• New Year’s Eve and New Year’s Day. Midnight, the threshold between years, is her power moment.
Devotees traditionally visit her at the ocean, bearing gifts. Alternatively, create an altar for Yemaya featuring saltwater and ocean motifs at home. Yemaya’s shrine should evoke the sea. Decorate it with nets, seashells, sea stars, and sea horses. Add salted water to a crystal glass containing small seashells.
Jewelry, perfume, brand new scented soap still in its wrapper; flowers, especially white roses. Yemaya’s favorite food offerings include wet seedy fruits like pomegranates and watermelon plus fish, duck, and lamb dishes. She likes to snack on pork cracklings, plantain or banana chips and pound or coconut cake. Garnish everything with generous libations of molasses. Gifts on behalf of the marine environment and sea creatures may also please her.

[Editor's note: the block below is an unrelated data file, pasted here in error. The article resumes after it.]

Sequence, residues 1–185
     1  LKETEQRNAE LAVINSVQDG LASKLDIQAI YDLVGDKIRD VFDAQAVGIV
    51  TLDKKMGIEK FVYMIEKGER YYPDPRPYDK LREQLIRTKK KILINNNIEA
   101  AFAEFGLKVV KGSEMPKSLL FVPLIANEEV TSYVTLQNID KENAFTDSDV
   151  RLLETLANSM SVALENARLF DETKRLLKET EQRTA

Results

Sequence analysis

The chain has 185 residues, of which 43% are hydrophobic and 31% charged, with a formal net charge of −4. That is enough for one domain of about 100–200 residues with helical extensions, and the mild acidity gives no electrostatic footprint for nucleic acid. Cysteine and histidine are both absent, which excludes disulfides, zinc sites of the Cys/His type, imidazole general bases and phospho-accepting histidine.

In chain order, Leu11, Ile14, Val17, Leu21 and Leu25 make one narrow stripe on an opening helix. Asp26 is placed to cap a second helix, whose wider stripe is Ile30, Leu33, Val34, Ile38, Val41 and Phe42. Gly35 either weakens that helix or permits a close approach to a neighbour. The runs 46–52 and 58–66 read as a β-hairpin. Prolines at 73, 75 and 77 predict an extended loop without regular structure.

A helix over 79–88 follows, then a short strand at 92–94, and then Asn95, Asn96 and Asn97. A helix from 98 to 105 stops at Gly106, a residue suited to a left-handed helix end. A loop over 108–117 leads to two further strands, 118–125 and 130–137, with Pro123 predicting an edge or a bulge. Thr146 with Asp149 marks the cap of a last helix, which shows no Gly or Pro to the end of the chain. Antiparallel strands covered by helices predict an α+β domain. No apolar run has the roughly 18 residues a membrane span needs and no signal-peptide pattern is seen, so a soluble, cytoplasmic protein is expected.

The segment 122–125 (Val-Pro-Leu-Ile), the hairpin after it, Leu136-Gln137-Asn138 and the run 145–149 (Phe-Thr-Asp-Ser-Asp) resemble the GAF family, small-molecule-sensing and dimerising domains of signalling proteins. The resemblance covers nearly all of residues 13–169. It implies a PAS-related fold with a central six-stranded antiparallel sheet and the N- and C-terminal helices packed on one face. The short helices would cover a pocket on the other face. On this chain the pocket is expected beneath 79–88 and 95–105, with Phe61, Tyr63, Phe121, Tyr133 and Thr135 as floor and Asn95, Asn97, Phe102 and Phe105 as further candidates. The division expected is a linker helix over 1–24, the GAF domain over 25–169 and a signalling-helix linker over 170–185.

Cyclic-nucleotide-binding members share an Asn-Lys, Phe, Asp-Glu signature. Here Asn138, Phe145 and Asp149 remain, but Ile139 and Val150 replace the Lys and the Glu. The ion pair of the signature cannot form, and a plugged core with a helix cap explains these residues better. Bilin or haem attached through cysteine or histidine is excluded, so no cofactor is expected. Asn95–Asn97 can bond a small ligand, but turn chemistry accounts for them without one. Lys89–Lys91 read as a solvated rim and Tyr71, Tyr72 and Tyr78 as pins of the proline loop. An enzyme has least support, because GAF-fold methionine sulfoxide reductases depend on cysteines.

HOW TO PETITION YEMAYA
• Summon her with a gourd rattle.
• Petition her at the beach.
• Can’t get to the beach? Yemaya’s fellow water spirit, Oshun, spirit of sweet waters, will accept offerings on her behalf. Deposit gifts for Yemaya in flowing streams or rivers. Nothing is free, however: if utilizing Oshun’s services, be sure to speak to her first, explaining that you would like her to deliver your offering to Yemaya. Bring Oshun an appropriate gift, too.
YEMAYA CLEANSING SPELL
Re-create the sea: add sea salt to spring water.
• Murmur over it. Tell the water your goals and what you seek. Invoke, petition, or pray to Yemaya.
• Sprinkle the water over your naked body from head to toe using your fingers or a roseMary branch.